There are a host of PGA Tour events that scream history.
These are events that fans look back on and can’t believe some of the shots and results that unfolded before their eyes.
The Masters is one of those events, and so is The Open Championship. No matter their interest in golf, when the Masters or The Open come around, people pay attention.
The same can’t be said about the RSM Classic, this week’s stop on the PGA Tour. Maybe it should.
Before you suggest we see a psychiatrist, hear us out.
The tournament, being held at the Seaside Course at Sea Island Resort in Georgia, has underlying historic value that can’t be matched.
Don’t believe us? Well, listen closely.
The last three tournaments, and four of the last five, have gone into a playoff. Few tournaments can match that drama. And Tyler Duncan (the 2019 winner), Austin Cook (the 2017 winner), and Mackenzie Hughes (the 2016 winner) all picked up their first victories here.
Need more? We’ve got it.
Charles Howell III won in 2018, getting back into the PGA Tour’s winner’s circle after a 12-year absence.
We aren’t done quite yet.
Robert Streb, last year’s winner, beat Kevin Kisner in a playoff. And Kisner was the winner in 2015, also posting his first PGA Tour victory.
Who’s going to add his name to the historic RSM Classic in 2021?
We’re about to tell you.
Odds To Win 2021 RSM Classic (BetMGM)
Scottie Scheffler +1200
Webb Simpson +1600
Cam Smith +1800
Louis Oosthuizen +2000
Corey Conners +2800
Russell Henley +2800
Harris English +3000
Joaquin Niemann +3300
Familiarity Is Key This Week
While the players who did not compete in the Masters are heading to Georgia for their only time in 2021, a few players are right at home here.
Guys like Kisner, +3500 this week, played college golf at the University of Georgia, so he’s familiar with the area. If home teams in baseball, basketball, hockey, and other sports have an edge, watch out for guys who play this layout often.
Kisner is one of those guys, and to say he’s had success here would be an understatement. Losing in the playoff last year and winning here in 2015 for his first victory on Tour suggests he has an advantage.
Is it enough for him to get back into the winner’s circle? We’re thinking yes for the simple fact he knows this course better than just about anyone in the field.
But it’s not all good news. Sure, he was also T-7 in 2018 and T-4 in 2017, so he’s had plenty of success here. But he’s also missed two cuts in that six-year run, so it’s been feast or famine.
We’re ready for another buffet week this week.
Scheffler Keeps On Knocking On The Door
Scottie Scheffler, the favorite this week at +1200, has to have sore knuckles from knocking on the door so often as he tries to pick up his first PGA Tour victory.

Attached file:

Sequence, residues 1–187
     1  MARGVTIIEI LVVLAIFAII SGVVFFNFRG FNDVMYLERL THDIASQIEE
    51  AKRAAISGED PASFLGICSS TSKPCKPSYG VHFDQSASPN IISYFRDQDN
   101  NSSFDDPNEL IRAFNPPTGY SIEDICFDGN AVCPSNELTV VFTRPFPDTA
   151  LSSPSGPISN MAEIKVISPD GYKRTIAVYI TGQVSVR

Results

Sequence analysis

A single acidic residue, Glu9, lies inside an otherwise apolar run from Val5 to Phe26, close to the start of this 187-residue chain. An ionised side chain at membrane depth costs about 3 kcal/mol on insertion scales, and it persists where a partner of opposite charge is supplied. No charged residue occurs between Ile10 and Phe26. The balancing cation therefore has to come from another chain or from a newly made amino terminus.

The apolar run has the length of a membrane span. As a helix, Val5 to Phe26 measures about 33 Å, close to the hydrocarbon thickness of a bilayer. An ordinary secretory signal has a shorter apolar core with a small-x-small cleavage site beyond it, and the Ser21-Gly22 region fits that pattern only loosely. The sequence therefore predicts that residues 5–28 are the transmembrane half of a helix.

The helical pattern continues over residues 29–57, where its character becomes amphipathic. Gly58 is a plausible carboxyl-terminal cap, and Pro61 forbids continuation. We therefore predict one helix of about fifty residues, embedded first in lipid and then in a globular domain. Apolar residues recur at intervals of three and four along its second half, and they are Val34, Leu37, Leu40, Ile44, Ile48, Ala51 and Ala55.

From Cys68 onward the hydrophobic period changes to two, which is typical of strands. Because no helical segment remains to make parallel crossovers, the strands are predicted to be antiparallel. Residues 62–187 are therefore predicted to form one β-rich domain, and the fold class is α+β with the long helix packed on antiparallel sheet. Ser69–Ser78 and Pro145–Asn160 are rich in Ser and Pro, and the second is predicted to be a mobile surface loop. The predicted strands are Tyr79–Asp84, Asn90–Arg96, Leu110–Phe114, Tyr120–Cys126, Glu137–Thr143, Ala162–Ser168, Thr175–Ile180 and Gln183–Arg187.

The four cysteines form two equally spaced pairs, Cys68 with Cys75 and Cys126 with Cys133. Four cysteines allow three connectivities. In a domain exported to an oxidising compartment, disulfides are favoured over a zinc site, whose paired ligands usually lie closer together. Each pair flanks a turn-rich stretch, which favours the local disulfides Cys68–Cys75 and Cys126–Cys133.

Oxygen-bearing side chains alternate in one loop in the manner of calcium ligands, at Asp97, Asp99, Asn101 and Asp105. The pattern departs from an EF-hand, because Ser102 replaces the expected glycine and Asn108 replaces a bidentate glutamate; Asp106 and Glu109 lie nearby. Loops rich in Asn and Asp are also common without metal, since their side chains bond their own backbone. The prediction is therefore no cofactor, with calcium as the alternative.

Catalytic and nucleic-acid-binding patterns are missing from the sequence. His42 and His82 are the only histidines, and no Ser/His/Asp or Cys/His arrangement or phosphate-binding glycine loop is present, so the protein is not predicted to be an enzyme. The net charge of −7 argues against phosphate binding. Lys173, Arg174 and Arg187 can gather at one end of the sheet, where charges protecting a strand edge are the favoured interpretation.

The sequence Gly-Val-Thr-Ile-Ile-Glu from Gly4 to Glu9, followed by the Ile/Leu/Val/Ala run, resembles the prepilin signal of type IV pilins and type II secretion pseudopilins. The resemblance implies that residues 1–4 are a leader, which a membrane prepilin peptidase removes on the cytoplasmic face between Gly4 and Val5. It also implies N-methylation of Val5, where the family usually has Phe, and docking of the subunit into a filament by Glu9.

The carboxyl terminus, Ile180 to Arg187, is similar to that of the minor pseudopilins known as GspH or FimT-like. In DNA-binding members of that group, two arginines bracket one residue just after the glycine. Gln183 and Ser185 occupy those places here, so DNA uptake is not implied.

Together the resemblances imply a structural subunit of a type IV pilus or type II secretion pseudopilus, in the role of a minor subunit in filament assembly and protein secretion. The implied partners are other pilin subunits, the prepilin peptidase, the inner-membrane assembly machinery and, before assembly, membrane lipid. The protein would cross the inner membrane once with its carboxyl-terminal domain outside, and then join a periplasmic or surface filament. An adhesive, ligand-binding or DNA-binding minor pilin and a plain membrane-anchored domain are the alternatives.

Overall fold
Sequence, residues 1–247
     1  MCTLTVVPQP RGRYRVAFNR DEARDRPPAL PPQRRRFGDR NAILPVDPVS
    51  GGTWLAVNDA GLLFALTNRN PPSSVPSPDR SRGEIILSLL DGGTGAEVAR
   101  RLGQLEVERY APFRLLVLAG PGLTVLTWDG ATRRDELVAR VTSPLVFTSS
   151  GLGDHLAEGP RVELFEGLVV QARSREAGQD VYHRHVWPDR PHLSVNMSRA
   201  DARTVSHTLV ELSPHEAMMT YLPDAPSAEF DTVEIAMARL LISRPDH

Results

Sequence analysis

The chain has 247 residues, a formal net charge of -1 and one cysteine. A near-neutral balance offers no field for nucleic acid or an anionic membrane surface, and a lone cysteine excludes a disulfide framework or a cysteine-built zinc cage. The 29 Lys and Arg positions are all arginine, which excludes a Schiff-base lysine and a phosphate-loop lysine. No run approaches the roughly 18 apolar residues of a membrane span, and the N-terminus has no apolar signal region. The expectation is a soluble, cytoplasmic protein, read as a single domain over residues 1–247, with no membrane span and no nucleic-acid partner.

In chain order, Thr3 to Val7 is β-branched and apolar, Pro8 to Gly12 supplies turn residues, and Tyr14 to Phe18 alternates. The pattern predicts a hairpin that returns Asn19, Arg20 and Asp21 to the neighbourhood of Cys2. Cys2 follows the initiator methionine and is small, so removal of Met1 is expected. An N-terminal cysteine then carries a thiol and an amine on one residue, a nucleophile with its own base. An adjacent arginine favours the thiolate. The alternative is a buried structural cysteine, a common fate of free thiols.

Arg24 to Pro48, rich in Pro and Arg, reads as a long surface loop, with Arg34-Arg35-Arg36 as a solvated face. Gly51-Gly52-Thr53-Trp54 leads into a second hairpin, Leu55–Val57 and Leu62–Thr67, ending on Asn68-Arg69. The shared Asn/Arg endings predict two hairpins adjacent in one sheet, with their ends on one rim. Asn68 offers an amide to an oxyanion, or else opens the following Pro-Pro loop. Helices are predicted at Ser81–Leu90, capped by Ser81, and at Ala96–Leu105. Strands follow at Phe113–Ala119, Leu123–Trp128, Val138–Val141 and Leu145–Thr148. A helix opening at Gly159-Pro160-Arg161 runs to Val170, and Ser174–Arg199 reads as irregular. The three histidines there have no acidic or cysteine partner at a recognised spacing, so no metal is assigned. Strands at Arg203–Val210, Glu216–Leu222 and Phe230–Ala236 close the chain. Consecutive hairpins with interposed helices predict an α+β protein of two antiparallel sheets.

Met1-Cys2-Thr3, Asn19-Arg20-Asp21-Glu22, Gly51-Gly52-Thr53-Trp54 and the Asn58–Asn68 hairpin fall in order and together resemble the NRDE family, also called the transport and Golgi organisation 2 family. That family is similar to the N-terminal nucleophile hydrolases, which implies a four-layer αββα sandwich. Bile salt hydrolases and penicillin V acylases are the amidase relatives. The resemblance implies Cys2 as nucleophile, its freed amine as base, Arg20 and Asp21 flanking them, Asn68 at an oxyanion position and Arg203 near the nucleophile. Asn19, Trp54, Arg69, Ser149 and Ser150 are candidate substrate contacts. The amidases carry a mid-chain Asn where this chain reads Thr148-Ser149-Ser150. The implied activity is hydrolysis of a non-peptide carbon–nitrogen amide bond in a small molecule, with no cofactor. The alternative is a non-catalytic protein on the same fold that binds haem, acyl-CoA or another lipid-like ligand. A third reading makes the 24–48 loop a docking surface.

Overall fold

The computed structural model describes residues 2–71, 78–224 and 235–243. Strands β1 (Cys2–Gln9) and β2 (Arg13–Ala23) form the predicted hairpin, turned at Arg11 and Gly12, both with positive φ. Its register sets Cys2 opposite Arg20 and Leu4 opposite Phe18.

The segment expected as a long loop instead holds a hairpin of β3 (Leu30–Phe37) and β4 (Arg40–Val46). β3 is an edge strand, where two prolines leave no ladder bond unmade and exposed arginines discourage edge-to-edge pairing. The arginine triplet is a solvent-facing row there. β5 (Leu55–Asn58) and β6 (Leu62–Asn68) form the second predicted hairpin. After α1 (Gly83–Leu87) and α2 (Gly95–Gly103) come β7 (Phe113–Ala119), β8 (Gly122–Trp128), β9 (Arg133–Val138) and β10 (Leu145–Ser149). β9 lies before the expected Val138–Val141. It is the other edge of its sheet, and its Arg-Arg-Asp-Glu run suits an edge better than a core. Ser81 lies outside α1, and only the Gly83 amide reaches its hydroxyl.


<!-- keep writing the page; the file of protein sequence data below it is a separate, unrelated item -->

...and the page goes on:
Last week was no exception. We had him as one of our choices at the Houston Open, and he was right there, but a stale final round (a one-under-par day) left him with a T-2 finish.
He’s now got a solo fourth and a T-2 in November. It’s time to finish the deal.
Where this week’s event is concerned, we’re going off two-year-old data. He didn’t play here in 2020, but he was T-5 in 2019.
It’s the only time he’s played in the event, but that high finish — and high finishes are becoming the norm for Scheffler — is good enough for us to stay on the bandwagon.
If you’re looking to jump on, beware the bandwagon is getting crowded. More fans and bettors (he is the favorite this week) are thinking like we do: It’s not if he will win on Tour, but when.
Over the 2020-21 wraparound season and the first few events of the 2021-22 season, Scheffler has 11 top-10 finishes in 33 events.
Soon, he may stop knocking on the door and just bust through it, and when he wins, there will likely be many more victories down the line.
One For The Longshot Bettors
It’s always fun (and challenging) to look down the betting board and find a player who has a decent chance to overcome long odds and win.
We’ve tried plenty of times with limited success (we can count the tickets we’ve cashed with +6000 odds or better on one hand), but that’s to be expected.
This week, we have one of those players who made us stop and go, ‘Hmmm, this doesn’t look right.’
That player is Camilo Villegas at +12500. We know, such a bet sounds crazy. Give us a moment to explain our reasoning.
Consider Villegas has had limited starts on the PGA Tour in recent seasons because of two factors: poor play and the death of his two-year-old daughter in mid-2020, losing her to cancer.
Now while you can work through fixing your golf game, losing a child will always be in your thoughts.
But Villegas is battling back, and we love the fact he won’t give up.
He’s made two cuts in four starts this season, finishing T-34 in Bermuda and T-35 in Vegas at the Shriners, so he’s on the right track.
One of his best finishes since getting back into action was a T-6 at this tournament in 2020.
It’s a long way to climb from being ranked as low as 2,080th in the world not that long ago.
He hasn’t won since the 2014 Wyndham Championship, but a victory at a site where he has good memories would be another step up that comeback ladder.
If you’re looking for a player to back because of the odds and what the story would mean, this is one for you.